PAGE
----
I’ve been diving into it too. 

I suspect the physical therapy movements like the “dead bug” and “bird dog”, both cross body movements, have roots in nervous system aligning.

Let’s bring it back to the concept of chronic pain …

… while you might have pain on both sides of the body chances it started one sided.

Maybe it was in the low back and radiated to one side of the hip or neck pain that’s now messing with one shoulder, elbow or entire arm.

Could one sided pain set you up for a pattern of nerve imbalances that caused abnormal nerve firing?

Or did a movement pattern that was present before the pain set you up for the nerves to fire incorrectly and cause pain?

Is trauma a collection of nerves that are misfiring or a scrambled mess of ions that prevent nerves from firing well?

Remember, you’re an energetic being that needs a charge of sodium and potassium for nerves to fire with adequate calcium and magnesium for muscle contraction and relaxation.

If “energy” is off because of a trigger and there’s an inflammatory response happening in a joint because of a repetitive posture or nervous system imbalance – could that set you up for “storing” a trauma in that particular area?

What if your “energy” aka ions are off because you’ve been depleting yourself from hard work, training for a sporting event or carrying out mentally taxing activities?

You burn through ions aka electrolytes with physical and mental activity. 

This depletes your ion charge and you feel fatigued. 

Would it benefit you to keep your ion charge up along with a practice of cross body movements such as dance, exercise or balance techniques to become more resilient or kick out your perceived traumas as they show up?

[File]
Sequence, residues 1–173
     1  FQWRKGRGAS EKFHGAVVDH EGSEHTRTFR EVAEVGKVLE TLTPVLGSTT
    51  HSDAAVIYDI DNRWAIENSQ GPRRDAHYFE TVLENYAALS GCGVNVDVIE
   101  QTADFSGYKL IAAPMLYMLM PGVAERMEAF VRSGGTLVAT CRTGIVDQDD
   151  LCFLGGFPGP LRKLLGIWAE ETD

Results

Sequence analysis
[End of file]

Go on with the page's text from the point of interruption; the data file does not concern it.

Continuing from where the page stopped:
Something to think about.

To explore pain further I often have clients…

…ask themselves… when that pain first showed up…

  • What were you doing at the time?
  • Any new sports, postures you would have been in for a length of time?
  • What was going on in life then?
  • Any predominant emotions coming up for you during that time?
  • Is there any connection to hormone cycles or declining of hormones with age?
  • What was going on with diet and hydration at that time?

Take a few moments to see if anything connects for you.

Sometimes it takes a few times to explore the pain while moving the area that hurts.

Now you may be wondering, what about “dis-ease” in the body – how do you know if that’s a trauma response or not?

Some folks argue that all disease is a result of decreased charges in the body.

A lowered charge leaves one more susceptible to neurological imbalances. 

The neurological imbalances, create disturbances in regulation of circulation and inflammation leading to disease in a certain area. 

Fascinating concept to think about.

What can you do to explore this concept further?

Could you benefit from practitioner of EMDR or a functional neurology evaluation?

Might either of these or both help your body to end the cycle of story collection?

Click HERE for the national registry of functional neurologists. 

Click HERE for EMDR practitioners near you.

If you’d like to geek out more on this subject – listen into my podcast with Alex Boianghu HERE or hit reply and let’s chat.


Here’s to your health,

Dr. J